MSNBC's Chuck Todd Continues to Distort Tax Deal's 'Astronomical' Cost

MSNBC's Chuck Todd on the December 7 "Daily Rundown" was uncharacteristically heated in his opposition to the compromise between President Barack Obama and congressional Republicans on extending the Bush tax rates.

Interviewing a Treasury Department official, Todd used flawed statistics to malign the proposed two-year extension of tax breaks for all families as unacceptably expensive.

"The cost of this is astronomical though," proclaimed the NBC Political Director. "The payroll tax cut means essentially borrowing from the Social Security trust fund to do this temporary payroll tax. I mean, it's 120 billion, that's a lot of money!"

 
Gene Sperling, counselor to Treasury Secretary Tim Geithner, refuted Todd's characterization of the tax debate, pointing out that extending the current tax rates would merely prevent a tax increase from taking effect at the end of the year.


"First of all, let's remember we're just extending the middle class tax cuts," Sperling corrected. "We're not adding something new."

But before Sperling could finish his thought, Todd interrupted to reiterate his flawed theory: "But wait a minute, didn't you budget – hang on – everybody has budgeted assuming though that they wouldn't expire on the wealthiest."

Given the context of the discussion, it can be assumed Todd meant to claim that federal budget planners had been operating under the assumption that Congress would let taxes increase for at least the wealthiest Americans.

Despite Todd's attempt to frame the debate as a fiscally irresponsible tax cut for the rich, the former Clinton economic adviser continued to set the record straight.

"That's just not true," asserted Sperling. "Feel free to look through our budget. We have always assumed it would be extended. Almost everyone in the economy assumed it was going to be extended."

This is the second time in as many days Todd has spun the tax debate. As MRC Vice President for Research and Publications Brent Baker reported, Todd was displeased last night over the "lost revenue" if Congress extended the current tax rates.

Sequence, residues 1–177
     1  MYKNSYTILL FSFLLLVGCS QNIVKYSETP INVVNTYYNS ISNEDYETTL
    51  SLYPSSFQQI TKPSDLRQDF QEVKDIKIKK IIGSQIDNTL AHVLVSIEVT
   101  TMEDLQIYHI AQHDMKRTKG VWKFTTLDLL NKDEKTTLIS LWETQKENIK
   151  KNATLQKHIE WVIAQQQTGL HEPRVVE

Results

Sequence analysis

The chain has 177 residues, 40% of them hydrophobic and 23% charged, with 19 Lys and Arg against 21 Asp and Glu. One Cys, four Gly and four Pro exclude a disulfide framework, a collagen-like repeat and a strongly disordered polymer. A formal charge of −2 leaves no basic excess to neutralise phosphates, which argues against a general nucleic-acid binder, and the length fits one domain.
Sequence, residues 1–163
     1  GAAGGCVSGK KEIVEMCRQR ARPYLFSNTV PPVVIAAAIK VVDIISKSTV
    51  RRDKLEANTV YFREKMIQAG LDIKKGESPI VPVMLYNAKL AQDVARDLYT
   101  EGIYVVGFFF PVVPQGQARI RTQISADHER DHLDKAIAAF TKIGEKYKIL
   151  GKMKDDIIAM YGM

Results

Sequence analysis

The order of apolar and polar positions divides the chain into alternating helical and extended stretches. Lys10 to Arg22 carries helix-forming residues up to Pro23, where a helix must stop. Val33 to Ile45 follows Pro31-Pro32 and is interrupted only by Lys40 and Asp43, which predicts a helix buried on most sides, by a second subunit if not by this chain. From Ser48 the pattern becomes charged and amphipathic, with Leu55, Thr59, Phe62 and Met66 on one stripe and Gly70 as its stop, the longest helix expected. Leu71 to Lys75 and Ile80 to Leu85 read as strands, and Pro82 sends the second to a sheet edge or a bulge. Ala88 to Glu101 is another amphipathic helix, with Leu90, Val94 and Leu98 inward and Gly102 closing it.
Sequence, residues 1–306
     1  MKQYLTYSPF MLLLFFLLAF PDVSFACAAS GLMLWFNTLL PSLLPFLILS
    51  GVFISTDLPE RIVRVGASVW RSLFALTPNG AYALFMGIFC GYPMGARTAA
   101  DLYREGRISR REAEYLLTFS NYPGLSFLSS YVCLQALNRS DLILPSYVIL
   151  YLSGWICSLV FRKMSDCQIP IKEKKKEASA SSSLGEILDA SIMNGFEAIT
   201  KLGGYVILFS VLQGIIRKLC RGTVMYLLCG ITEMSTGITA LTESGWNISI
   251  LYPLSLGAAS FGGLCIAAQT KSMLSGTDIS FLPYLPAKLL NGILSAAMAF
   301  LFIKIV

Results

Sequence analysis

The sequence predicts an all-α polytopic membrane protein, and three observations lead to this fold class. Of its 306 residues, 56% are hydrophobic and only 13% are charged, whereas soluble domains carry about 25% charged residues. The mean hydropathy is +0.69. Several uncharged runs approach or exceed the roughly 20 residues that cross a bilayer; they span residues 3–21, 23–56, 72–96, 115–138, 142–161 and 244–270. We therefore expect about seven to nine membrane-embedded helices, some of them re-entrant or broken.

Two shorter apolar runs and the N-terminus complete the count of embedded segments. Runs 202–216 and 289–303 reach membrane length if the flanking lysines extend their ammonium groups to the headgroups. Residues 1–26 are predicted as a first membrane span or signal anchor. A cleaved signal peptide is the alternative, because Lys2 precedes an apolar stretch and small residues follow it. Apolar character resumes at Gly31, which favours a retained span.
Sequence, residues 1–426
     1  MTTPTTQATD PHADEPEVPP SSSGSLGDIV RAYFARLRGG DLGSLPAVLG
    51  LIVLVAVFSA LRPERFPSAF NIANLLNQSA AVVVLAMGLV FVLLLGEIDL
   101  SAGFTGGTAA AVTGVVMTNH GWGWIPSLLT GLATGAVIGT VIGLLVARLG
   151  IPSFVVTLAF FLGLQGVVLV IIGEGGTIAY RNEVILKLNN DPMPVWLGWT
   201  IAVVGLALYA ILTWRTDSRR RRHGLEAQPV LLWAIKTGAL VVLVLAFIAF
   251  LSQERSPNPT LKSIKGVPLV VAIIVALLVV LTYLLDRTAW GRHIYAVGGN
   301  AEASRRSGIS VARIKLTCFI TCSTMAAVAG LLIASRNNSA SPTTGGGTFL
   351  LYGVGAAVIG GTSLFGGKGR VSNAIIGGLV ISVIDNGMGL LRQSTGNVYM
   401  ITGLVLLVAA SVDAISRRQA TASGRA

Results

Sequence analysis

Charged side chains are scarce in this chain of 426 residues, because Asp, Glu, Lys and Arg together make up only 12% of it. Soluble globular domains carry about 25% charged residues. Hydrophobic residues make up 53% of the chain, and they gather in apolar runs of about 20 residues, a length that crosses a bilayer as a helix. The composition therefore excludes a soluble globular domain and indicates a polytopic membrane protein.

A transcript of the relevant portions of the program can be found below:


MSNBC
The Daily Rundown
December 7, 2010

9:18 A.M. EDT

CHUCK TODD: Hey, Gene, the cost of this is astronomical though. Half a trillion dollars next year is getting added to the deficit. One hundred twenty billion dollars, the payroll tax cut means essentially borrowing from the Social Security trust fund to do this temporary payroll tax. I mean, it's one hundred twenty billion, that's a lot of money!
           
GENE SPERLING, counselor to Treasury Secretary Tim Geithner: Okay, first of all, neither of those is quite right. First of all, let's remember we're just extending the middle class tax cuts. We're not adding something new. I don't think it's right to say that's an additional three hundred billion dollars.          



TODD: But wait a minute, didn't you budget – hang on – everybody has budgeted assuming though that they wouldn't expire on the wealthiest.

SPERLING: That's just not true. Feel free to look through our budget. We have always assumed it would be extended. Almost everyone in the economy assumed it was going to be extended. So what you should look at are the new and additional measures like the hundred and twenty billion dollar payroll tax cut. But that is the kind of thing you need in an economy with 9.8 percent unemployment if you're serious, not about politics, but about actually bringing the unemployment rate down. And when you do something like that, you protect every penny of Social Security. You make sure that there is not one penny of loss to the Social Security trust fund. This is going to be very good for workers. It's one time, it's temporary. It won't have an effect on the long-term deficit and if we don't get growth going better in 2011 or 2012, that's going to hurt our deficit numbers in 2014 and 2015 as bad as anything else.

--Alex Fitzsimmons is a News Analysis intern at the Media Research Center. Click here to follow him on Twitter.